The corps church and the addict: failure to connect

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by Glen Doss, Major – 

“God brought me to AA, and AA brought me to God,” stammered the startled, disheveled man from where he lay outstretched in the early dawn on the steps of the ARC administration wing. He was responding to my question: “What brought you here?” Aware suddenly that he was blocking the door, he pulled his lanky frame erect and stepped to one side. Gazing deeply into his eyes, I recognized the glimmer of spiritual hunger mixed with great desperation. “I need to learn more about God,” he stressed. “I’ll do anything to stay clean and sober.”
“Me, too,” piped up a younger man, emerging abruptly from the shadows.

Shaking their hands, I told them, “You came to the right place. Welcome.” I held the door open as they shuffled into the waiting room followed by a half dozen more materializing from the gloom. My chest swelled. “Oh, how I love these men!” I thought. “And how God loves them! For he ‘came to seek and to save what was lost.’ ” (Luke 19:10)

I argued in a previous column that the Twelve-Step program should ideally serve as a natural bridge to the corps church. There is a reference to God (or a direct euphemism for him) in six of the twelve steps. The text of Alcoholics Anonymous (often referred to as the Big Book) contains the following summary:

“Our description of the alcoholic, the chapter to the agnostic, and our personal adventures before and after make clear three pertinent ideas:

• That we were alcoholic and could not manage our lives.
• That probably no human power could have relieved our alcoholism.
• That God could and would if he were sought.” (p. 60)
And so they come to the ARC seeking God, and there these anxious men and women find something new and special. For the serious seekers, the ARC puts a face on God—the face of Jesus Christ!—and, most importantly, they learn how to worship him in a communal setting. The tragedy is that they often don’t find the same experience elsewhere. They may visit other churches, including the local corps, but they fail to connect. It was for this reason that the ARC recovery corps were born—and it is for this same reason that recovery-centered churches have sprung up across the American landscape, for the phenomenon is by no means unique to The Salvation Army. But the big question still remains: Why do they fail to connect?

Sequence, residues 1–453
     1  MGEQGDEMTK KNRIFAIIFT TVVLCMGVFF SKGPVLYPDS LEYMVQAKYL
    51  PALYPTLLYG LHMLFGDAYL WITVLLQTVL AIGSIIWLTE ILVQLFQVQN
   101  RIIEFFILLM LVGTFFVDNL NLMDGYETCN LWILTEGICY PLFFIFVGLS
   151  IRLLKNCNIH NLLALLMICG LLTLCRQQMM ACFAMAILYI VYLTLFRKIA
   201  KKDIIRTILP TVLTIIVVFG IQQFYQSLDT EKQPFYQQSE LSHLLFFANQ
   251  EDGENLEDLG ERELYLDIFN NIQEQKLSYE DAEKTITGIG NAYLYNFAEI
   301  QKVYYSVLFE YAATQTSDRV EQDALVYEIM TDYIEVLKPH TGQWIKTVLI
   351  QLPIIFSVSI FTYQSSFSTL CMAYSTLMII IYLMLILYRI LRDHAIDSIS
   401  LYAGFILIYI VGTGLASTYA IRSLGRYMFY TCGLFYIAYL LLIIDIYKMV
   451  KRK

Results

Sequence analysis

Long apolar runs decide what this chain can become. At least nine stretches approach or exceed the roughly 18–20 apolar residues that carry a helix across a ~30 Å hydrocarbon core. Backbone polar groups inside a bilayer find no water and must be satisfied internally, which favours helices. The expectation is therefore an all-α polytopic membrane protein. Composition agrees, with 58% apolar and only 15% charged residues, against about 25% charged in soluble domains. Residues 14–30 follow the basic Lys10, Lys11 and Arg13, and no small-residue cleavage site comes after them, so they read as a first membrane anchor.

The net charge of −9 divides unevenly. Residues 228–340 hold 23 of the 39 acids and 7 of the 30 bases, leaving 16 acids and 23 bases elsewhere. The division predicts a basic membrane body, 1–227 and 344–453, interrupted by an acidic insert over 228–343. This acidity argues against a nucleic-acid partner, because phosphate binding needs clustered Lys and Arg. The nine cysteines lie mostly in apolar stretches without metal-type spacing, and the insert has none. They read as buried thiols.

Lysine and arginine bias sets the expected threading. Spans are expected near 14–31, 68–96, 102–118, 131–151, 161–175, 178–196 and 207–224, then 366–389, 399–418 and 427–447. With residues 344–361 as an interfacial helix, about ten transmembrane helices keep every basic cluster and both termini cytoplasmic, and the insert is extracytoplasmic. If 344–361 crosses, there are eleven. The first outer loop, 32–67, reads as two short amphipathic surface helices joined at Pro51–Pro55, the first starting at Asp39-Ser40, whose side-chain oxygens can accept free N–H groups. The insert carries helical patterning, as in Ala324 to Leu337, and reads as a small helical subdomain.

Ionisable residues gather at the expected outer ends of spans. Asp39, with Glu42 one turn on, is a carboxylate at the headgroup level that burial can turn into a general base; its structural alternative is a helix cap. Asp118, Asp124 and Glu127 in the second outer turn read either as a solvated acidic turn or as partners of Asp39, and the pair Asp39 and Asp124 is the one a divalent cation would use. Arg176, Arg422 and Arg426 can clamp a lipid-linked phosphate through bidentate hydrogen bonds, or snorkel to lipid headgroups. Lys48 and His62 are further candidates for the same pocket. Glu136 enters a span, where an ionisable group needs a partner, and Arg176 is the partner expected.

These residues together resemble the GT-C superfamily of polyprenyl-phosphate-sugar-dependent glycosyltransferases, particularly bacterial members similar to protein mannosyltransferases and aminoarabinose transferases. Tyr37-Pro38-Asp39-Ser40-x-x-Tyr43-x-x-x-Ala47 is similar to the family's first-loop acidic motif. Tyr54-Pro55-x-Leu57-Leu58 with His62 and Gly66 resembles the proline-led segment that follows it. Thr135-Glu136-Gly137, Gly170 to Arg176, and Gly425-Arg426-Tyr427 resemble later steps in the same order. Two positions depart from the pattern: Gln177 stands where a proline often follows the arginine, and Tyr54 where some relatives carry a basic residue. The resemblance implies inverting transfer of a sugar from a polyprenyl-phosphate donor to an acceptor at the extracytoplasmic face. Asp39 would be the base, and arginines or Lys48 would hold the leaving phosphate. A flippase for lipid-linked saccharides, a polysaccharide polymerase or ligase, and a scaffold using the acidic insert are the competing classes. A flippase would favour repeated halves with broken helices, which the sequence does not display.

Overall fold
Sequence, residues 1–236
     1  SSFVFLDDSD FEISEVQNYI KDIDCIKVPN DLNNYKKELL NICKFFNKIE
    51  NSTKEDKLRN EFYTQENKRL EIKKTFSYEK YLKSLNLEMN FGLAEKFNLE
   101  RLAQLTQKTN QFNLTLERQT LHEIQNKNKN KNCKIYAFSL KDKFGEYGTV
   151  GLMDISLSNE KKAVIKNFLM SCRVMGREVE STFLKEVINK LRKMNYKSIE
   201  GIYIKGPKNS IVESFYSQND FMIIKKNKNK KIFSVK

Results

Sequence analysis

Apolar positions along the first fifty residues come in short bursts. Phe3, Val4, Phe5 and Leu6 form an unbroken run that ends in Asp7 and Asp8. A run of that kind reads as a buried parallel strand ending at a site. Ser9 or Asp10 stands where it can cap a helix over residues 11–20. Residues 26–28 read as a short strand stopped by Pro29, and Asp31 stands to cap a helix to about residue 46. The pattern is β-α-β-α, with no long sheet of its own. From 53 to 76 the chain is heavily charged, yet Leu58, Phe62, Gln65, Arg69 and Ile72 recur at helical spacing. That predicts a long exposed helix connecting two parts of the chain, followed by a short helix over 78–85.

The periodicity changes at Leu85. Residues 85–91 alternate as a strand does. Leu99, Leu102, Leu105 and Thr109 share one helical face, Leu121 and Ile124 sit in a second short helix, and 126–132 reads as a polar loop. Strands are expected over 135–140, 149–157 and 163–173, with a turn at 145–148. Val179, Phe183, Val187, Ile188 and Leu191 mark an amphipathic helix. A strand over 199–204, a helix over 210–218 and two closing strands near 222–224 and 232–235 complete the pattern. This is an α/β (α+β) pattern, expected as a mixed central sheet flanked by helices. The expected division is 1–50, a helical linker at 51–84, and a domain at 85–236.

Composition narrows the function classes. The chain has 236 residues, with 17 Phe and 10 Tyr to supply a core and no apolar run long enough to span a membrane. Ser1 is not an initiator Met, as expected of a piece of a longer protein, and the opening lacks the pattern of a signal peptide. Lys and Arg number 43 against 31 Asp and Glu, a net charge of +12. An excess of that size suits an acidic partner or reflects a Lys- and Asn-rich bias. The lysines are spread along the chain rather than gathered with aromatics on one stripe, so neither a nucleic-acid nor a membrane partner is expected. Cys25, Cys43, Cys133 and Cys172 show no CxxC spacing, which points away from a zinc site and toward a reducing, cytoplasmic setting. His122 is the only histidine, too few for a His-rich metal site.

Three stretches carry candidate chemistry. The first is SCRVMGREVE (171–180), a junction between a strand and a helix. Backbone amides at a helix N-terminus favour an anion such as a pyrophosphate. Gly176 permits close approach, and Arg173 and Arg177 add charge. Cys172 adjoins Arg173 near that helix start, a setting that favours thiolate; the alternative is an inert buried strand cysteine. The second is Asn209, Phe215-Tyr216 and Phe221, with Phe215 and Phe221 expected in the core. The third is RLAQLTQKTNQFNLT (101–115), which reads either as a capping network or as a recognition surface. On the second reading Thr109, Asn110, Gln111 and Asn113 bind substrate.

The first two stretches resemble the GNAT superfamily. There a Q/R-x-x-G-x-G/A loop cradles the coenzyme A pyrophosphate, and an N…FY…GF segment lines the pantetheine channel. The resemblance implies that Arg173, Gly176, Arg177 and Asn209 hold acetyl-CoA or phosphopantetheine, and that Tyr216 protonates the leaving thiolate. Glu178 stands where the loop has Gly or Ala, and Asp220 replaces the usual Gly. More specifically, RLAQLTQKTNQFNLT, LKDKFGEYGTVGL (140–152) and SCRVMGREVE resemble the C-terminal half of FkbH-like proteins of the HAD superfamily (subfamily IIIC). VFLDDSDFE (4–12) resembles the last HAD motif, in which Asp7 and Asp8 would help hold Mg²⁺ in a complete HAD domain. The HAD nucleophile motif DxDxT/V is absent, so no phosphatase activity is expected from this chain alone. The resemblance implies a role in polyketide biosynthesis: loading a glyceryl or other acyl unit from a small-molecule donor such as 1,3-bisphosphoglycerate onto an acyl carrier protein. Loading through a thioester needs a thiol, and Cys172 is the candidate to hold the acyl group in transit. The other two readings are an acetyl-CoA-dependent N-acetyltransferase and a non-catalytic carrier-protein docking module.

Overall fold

“I think the nonjudgmental atmosphere is one of the biggest assets of this [recovery-centered] church,” observes New Freedom Fellowship member Michael Rauling in the December 2000 issue of Christianity Today. Is it possible that recovering addicts also view Salvationists as judgmental? I included quotes to this effect in a recent column, but what I did not mention was that when I personally pastored an ARC corps I often heard the following remark: “The thing I like about this church is I don’t feel like the people judge me here!”
When I brought this topic up for discussion recently in a class I was teaching at Crestmont College, the students (who were mostly Salvation Army officers) insisted: “That isn’t the way it is! It’s just the perception!” But no one argued that the perception isn’t present in the minds of the recovering addicts in the pews.

“I keep attending meetings in The Salvation Army that strike me as patronizing and condescending toward those people whom many of us refer to as friends…,” observed Dion Oxford, a homeless shelter director, in this year’s July/August issue of Horizons. “I hear so much ‘us’ and ‘them’ language that I find it difficult to believe we are actually invested in people’s lives…”

The time has come, I believe, for all of us to prayerfully, realistically do a self-assessment, to take our own personal “moral inventory,” so to speak. If we dare to see ourselves as we really are, we can change. It is painful, but such fearless honesty makes it possible for us to go home again. Then, to begin remedying the problem, I suggest we admit our ignorance and seek seriously to understand—to get a good grasp on the truth.

The following revealing observation appears on page 74 of the Big Book: “Though we have no religious connection, we may still do well to talk with someone ordained by an established religion. We often find such a person quick to see and understand our problem. Of course, we sometimes encounter people who do not understand alcoholics.” The implications for the Salvation Army officer (or any clergyperson, for that matter) are obvious.

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